Part 26 of The Americas Connected Series
by Richard L. Thornton, Architect and City Planner
The Mayas living in the highlands of Campeche State and Guatemala usually grow their beans on terrace complexes that are identical to the ones that we are studying in northern Georgia. The bean vines drape down over the fieldstone retaining walls so the all parts of the bean plants can be exposed to maximum sunlight.
Eight years ago, I began to survey the available archaeological literature from Georgia to discern if any archaeologists had discovered other terrace complexes in Georgia . . . but their reports had been conveniently forgotten by the current generation. Yes, indeed! While studying the Morgan Falls area of the Chattahoochee River, my old mentor, Dr. Arthur Kelly, had discovered several terrace complexes on the slopes of the Chattahoochee River Gorge. That area is now part of the Chattahoochee River National Recreation Area in North Metro Atlanta. He saw discovered a Scandinavian-style stone boat grave next to some Scandinavian Bronze Age-style petroglyphs. Bet you didn’t know that!
Kelly and several other archaeologists of the mid-to-late 20th century found other agricultural terrace complexes on the Amicalola River in the southern tip of the Appalachians and at several locations in the Georgia Piedmont. Some are rather close to the cities of Atlanta, Athens, Commerce, Columbus and Macon. The Sandy Creek Terrace Complex is only six miles from the University. Much of the complex is in a county park. The walls are in better condition than those at Track Rock Gap.
I thought that this one below, near Macon and the Ocmulgee National Historic Park, was the most interesting of the Piedmont terrace complexes. The one near Macon also had a mound at the top of the terracing, plus several stone cairns.
Gwinnett County, GA officials have preserved a 330 acre terrace complex near Auburn, GA as part of the Little Mulberry River County Park. The park also includes the probable ruins of the European colony of Melilot, which was founded in 1566 by survivors of Fort Caroline AND is shown on many late 16th century and 17th century maps. I have photocopy of a letter written on January 6, 1660 by Eduard Graeves, a natural scientist and lawyer, who was on the governing council of Mellilot. It was a real place.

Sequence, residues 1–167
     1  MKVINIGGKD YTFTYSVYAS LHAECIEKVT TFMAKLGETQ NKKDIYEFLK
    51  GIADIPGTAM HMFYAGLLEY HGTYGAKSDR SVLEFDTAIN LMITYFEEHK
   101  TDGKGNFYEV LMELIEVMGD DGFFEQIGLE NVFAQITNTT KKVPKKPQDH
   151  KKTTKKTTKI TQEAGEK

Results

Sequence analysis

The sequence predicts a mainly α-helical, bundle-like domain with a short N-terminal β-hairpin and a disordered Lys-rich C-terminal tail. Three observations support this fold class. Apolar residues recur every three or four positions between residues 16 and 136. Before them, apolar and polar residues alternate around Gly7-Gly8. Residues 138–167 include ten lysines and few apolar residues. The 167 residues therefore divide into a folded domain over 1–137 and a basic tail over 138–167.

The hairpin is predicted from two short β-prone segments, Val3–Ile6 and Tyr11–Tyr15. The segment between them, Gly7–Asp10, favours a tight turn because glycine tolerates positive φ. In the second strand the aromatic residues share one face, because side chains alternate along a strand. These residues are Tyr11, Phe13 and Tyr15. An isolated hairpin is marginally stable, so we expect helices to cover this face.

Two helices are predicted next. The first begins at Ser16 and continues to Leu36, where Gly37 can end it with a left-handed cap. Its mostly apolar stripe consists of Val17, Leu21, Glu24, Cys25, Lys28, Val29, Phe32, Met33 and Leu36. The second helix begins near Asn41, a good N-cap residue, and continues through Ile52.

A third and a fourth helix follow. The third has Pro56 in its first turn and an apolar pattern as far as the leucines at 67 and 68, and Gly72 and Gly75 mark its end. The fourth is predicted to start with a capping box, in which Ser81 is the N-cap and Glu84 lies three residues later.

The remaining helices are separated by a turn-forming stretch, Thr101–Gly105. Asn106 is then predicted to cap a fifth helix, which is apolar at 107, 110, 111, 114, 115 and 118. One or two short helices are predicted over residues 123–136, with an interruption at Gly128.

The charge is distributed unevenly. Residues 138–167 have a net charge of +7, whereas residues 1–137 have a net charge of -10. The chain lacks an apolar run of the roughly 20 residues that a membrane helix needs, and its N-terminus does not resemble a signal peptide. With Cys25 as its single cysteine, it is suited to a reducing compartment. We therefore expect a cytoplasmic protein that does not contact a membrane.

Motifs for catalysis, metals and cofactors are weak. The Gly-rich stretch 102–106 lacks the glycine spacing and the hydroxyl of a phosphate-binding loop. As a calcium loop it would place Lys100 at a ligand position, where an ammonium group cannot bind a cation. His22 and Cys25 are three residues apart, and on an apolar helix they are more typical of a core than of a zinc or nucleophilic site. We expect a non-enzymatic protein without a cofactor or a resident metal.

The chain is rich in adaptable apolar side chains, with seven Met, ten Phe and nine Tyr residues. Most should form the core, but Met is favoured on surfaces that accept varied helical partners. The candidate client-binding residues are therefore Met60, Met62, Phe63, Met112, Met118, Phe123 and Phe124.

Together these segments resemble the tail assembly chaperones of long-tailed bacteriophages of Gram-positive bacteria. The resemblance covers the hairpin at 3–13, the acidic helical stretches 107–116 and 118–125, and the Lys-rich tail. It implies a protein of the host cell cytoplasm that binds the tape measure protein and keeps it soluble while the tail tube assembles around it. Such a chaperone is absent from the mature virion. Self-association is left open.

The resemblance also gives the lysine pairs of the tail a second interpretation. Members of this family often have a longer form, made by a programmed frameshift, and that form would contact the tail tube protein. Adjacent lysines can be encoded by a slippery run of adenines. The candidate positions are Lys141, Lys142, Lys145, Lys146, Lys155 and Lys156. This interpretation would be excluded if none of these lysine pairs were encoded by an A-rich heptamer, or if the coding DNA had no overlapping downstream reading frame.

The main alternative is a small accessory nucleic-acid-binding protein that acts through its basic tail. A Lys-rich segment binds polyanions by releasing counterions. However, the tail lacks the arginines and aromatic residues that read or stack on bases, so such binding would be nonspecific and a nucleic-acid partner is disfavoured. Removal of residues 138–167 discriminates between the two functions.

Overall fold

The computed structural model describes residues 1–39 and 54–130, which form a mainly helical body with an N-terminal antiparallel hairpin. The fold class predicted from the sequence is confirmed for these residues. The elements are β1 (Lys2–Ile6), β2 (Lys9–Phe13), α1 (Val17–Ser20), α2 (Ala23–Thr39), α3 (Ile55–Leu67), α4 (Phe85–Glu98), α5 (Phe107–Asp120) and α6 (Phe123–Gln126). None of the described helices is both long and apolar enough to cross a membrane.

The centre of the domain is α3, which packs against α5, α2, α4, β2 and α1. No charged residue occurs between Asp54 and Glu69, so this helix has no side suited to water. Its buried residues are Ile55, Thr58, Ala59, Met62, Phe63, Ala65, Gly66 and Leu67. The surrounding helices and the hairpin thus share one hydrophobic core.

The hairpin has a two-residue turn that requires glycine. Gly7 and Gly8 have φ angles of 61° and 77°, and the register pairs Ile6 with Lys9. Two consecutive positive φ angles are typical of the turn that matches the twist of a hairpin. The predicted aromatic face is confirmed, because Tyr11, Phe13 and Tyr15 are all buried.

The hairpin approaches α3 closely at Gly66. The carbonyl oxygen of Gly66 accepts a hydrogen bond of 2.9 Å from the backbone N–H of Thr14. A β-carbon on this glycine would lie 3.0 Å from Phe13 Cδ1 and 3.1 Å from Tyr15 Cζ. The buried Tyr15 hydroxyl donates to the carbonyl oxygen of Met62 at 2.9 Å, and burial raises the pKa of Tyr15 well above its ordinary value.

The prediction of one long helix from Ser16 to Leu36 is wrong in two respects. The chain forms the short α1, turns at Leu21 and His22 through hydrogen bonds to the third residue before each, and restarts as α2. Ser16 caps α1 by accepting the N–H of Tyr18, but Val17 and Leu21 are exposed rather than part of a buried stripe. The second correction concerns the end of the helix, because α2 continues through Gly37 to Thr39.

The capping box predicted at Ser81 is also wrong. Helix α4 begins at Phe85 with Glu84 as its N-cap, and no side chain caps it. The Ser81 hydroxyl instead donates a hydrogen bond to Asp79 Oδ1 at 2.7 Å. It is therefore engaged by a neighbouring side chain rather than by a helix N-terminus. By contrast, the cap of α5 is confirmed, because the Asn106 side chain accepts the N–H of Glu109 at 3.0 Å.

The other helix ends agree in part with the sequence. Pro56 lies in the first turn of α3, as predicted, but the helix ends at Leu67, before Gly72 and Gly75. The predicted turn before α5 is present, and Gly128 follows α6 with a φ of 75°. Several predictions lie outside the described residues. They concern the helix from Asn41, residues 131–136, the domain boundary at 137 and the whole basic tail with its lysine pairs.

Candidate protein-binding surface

The county fathers purchased the land for Little Mulberry River Park, after three archaeological consulting firms refused to label the ancient stone ruins that dot the tract as being “historic.” That’s the job of a licensed Architect, with credentials in historic preservation. Archaeology is not a licensed profession. I don’t know why they didn’t go to an architect in the first place.
Lowland Maya bean farmers
At least here is the Southeast, gardeners have traditionally constructed elaborate fence-like structures for growing “pole beans” and other beans (or peas), which grow on vines. The term pole refers to the original practice of building lattice fences for beans that grow on vines . . . not just green beans. Nowadays, that much labor and capital expenditure seems to be unjustified, when the cheapest vegetable that you can buy is a can of green beans. The custom is withering away.
Long, long ago, when I was on the fellowship in Mexico and touring the wilderness of eastern Campeche with University of Campeche student, Ana Rojas, we came upon a region where the Mayas were clearing jungle to create milpas . . . slash and burn agricultural clearings that typically last 3-5 years.